That’s the way to do it! A job working for a great company with a boss I admired! So in August 2003, I became GC of Aon really without any GC or corporate governance experience at all. And it was great.
I had a few months to get up to speed. But soon after, we got a subpoena from Eliot Spitzer, which dominated my next two years at Aon. Ultimately, we achieved a reasonable settlement and then I had to work on introducing the reforms we agreed to. So it was a trial by fire at Aon.
After a few years, I was recruited for the GC job at Medtronic in Minneapolis. That was another great experience. It was a company that always had interesting legal issues—from the federal investigations, FCPA and IP perspective and lots of tort litigation because many of Medtronic’s medical devices are literally in people’s bodies. I had a great team both in terms of my peers on the executive committee and the lawyers who worked for me. It was a smart group of people. I really enjoyed it.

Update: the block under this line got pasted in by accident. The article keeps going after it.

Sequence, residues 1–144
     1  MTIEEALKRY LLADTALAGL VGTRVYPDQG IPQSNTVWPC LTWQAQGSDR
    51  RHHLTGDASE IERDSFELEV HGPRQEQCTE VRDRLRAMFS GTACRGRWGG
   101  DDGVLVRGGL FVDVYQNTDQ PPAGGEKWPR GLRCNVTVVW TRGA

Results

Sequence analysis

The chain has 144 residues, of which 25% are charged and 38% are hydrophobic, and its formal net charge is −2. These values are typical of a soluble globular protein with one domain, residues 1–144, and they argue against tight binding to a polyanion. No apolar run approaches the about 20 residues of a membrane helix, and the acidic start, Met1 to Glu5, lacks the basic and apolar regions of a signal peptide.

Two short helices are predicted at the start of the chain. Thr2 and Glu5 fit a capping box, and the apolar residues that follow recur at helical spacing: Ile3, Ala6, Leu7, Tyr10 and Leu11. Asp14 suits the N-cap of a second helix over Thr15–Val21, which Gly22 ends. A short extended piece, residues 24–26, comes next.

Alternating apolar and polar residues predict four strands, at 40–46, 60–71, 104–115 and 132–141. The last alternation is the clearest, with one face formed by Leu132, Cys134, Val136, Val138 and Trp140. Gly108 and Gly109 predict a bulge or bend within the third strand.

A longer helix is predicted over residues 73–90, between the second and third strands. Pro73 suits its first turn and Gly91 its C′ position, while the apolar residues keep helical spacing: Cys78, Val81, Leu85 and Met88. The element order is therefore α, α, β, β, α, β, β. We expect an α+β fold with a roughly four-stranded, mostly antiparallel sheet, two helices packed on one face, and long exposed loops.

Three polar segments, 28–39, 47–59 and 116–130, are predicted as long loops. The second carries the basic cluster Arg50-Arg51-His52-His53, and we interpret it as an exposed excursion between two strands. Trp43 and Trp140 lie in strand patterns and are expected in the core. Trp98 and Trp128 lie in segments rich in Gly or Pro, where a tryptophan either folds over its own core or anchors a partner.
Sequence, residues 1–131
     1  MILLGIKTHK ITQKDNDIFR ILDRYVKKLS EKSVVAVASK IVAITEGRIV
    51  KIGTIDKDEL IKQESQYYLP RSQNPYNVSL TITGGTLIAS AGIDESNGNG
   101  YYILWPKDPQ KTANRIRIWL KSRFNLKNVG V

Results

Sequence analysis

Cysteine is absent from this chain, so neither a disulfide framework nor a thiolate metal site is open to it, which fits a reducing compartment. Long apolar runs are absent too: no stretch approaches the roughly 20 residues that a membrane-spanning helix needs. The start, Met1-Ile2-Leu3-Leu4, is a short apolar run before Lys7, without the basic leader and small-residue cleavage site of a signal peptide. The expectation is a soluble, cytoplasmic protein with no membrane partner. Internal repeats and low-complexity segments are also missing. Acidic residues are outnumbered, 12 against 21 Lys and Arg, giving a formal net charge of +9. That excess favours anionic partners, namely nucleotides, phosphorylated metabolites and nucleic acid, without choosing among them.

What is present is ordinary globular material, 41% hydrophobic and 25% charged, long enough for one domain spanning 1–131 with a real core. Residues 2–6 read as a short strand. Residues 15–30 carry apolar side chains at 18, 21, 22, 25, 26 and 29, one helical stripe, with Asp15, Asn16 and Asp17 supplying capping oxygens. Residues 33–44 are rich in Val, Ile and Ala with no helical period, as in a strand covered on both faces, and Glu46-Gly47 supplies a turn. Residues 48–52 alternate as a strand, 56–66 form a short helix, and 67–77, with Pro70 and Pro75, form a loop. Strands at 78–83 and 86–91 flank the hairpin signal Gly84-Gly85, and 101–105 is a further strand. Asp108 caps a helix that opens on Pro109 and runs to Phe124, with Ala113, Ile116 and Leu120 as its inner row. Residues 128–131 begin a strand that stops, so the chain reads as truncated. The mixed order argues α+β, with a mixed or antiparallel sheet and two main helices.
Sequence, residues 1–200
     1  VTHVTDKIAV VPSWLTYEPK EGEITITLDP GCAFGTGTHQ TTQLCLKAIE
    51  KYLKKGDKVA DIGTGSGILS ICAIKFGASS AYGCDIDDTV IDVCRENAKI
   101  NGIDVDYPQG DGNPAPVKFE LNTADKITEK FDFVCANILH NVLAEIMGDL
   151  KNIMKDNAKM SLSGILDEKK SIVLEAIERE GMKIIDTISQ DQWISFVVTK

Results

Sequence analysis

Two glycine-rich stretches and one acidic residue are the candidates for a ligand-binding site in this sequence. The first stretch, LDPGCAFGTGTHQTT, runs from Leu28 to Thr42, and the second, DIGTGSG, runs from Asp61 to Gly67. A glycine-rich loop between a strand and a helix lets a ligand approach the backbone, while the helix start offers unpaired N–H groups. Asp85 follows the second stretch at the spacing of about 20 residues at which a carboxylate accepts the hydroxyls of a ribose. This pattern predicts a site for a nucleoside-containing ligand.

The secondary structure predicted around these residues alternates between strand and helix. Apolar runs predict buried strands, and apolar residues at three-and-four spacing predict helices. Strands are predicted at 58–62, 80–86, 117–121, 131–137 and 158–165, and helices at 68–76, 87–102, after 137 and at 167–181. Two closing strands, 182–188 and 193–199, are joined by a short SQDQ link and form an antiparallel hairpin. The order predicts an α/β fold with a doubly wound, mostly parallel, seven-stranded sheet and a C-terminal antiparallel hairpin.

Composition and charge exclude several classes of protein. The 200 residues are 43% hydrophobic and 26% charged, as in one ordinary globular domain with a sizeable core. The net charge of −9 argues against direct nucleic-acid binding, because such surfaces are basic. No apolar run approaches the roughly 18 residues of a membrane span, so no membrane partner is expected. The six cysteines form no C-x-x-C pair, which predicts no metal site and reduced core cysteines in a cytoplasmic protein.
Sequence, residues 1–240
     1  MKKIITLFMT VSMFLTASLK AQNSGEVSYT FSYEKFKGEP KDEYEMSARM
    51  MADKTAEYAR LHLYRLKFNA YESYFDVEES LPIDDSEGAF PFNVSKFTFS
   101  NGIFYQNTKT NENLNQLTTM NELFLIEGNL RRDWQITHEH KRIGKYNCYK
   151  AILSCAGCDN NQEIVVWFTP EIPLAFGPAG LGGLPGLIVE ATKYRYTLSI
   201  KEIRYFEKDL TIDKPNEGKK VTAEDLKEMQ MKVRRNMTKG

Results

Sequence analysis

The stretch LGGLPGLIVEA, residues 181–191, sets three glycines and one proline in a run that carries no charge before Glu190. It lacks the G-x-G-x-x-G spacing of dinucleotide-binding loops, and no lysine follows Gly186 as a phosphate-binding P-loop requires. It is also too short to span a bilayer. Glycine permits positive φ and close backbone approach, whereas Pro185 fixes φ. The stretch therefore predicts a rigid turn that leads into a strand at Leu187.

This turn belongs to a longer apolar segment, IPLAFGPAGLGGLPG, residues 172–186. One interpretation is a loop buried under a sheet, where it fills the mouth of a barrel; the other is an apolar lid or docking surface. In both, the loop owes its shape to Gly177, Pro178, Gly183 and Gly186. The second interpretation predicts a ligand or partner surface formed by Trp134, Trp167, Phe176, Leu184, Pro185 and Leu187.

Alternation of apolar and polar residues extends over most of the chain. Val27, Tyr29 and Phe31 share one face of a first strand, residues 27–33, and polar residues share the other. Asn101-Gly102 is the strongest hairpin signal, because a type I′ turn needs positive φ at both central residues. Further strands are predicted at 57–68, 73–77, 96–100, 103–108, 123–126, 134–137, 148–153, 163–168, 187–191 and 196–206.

How did you end up at ADM?
I had accomplished everything I wanted to accomplish at Medtronic when ADM came calling and told me they would be moving to Chicago, which is my hometown.
How would you describe the legal department?
ADM was a very large global company with what I would describe as an immature legal department at the time. It felt more like a legal department from the ‘70s than the 2010s. For comparison, Medtronic was a $16 billion company with 130 lawyers. At ADM, at the time, it was a $90 billion company and we had about 60 lawyers.